A private land system offers the ability to trade the “fee simple” title of land just as we trade other commodities owned as individuals. Trade creates a transparent marketplace that puts pricing on land. The concept of pricing emerged in the land market that functioned like modern-day blockchains placing trusted values on land.  

Transparency in pricing allows us to buy land from strangers with a certain level of trust. The concept of transparent pricing motivated the buying, selling and trading of land that not only created land speculation but laid the groundwork for the land development industry. Markets, however, need knowledge and communication to facilitate transparency. The relative infancy of land development as an industry created some bumpy roads.  Land offered for sale often had little or no access with sellers depending on funds from the sales to provide the access. When sales stalled, the road to the land could not be built with good intentions.

Fee Simple Ownership, Absolute Ownership and Interrupting Nomadicity

The concept of fee simple land ownership—meaning property is owned completely without restriction or limitations—was certainly popular and spreading fast. Individuals had absolute ownership protected by a basic legal system and could buy and sell the commodity. From the right to use and possess, however, also came the right to waste it, dispose of it, plunder it and everything in between. Owning land had risks.

One of the biggest risks was the fundamental transition from our nomadic history.  Once the masses were introduced to fee simple land ownership and absolute ownership, we picked our place and we stayed. We settled. This introduced another challenge for landowners: some land is more valuable than others. Folks with rich farmland thrived, while others with less forgiving soil faced challenges. Land located closer to major transportation corridors became increasingly more valuable, while isolated parcels with no access were worth little. When the decision is made to stay, getting there and producing the essentials for life becomes critical. Location, location, location as we might say even today.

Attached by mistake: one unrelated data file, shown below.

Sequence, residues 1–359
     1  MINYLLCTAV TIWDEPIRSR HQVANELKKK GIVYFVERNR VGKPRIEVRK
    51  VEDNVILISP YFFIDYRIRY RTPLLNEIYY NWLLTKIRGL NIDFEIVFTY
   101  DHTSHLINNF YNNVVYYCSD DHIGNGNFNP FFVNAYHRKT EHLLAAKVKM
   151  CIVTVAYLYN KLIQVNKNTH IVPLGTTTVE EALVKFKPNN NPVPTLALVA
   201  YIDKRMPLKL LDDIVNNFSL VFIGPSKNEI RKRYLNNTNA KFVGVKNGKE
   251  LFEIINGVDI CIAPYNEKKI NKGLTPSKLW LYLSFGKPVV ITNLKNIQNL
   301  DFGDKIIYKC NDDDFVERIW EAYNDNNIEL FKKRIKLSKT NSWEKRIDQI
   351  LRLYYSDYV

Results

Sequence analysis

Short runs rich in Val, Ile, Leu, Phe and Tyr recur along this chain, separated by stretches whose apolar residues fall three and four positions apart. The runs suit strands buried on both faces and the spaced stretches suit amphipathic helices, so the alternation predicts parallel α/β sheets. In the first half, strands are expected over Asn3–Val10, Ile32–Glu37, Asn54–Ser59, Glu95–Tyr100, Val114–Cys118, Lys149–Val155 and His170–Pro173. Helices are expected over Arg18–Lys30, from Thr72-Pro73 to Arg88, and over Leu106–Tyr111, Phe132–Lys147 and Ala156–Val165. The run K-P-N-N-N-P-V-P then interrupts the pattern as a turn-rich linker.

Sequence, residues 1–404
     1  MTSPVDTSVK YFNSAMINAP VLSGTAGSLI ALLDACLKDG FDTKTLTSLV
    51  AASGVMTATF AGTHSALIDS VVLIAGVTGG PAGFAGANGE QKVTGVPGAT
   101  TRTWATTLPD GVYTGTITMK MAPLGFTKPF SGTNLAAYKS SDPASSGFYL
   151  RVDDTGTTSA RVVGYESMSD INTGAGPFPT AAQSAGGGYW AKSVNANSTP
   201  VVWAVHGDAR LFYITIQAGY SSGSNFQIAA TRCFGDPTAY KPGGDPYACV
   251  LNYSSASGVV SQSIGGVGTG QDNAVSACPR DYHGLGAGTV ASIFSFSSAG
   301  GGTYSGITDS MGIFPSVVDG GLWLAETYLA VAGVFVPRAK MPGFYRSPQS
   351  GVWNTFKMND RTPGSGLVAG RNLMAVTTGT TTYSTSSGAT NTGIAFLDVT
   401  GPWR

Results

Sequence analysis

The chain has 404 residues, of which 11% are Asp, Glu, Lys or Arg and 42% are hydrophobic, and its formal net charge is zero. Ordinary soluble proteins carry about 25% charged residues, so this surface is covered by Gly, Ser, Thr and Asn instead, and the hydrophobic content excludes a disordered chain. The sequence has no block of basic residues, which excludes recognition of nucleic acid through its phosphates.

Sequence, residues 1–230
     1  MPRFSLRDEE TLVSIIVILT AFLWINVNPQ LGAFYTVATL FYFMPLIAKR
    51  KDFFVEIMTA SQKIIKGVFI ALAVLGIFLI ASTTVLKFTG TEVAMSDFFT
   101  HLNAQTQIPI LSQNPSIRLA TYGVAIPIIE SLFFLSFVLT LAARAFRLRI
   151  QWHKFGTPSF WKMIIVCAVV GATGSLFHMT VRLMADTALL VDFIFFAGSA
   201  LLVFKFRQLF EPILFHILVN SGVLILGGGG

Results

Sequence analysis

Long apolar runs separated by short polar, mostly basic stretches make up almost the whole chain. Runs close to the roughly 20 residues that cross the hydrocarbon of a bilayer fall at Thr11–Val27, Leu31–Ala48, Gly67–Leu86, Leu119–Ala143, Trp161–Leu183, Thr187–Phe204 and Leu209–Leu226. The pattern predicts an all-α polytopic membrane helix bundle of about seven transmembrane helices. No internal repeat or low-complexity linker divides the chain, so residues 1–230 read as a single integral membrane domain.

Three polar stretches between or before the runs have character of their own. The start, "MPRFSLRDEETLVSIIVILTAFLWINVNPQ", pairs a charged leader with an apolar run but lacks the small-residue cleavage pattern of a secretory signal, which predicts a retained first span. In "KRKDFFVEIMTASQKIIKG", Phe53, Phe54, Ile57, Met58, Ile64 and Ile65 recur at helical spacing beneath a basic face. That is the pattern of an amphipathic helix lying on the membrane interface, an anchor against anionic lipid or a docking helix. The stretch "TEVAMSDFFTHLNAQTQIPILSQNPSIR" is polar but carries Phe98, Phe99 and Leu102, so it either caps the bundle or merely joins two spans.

Location has always been an influential factor in determining the worth of land, and access to the location is priority one.  The amazing U.S. land rush would not have happened without access, and so began another major interface between public policy and land. The provision of infrastructure incentivized by public policy primarily in the form of railroads was underway to open more land for ownership. As more people headed West, so did the railroads. Rivers had been our only major transportation routes but now we also had railroads to transport people, goods, and services. The incentive to entice private railroads to build tracks to uninhabited land became the land itself. They were provided miles of land on either side of the tracks that would increase in value with the access they provided. Not all land along the tracks was granted to railroads, though, some were held by public entities that controlled the land. The return of and return on the investment by the railroad was recouped with the sale of the land, but public entities also benefitted from selling land with increased value. Land development had begun in earnest.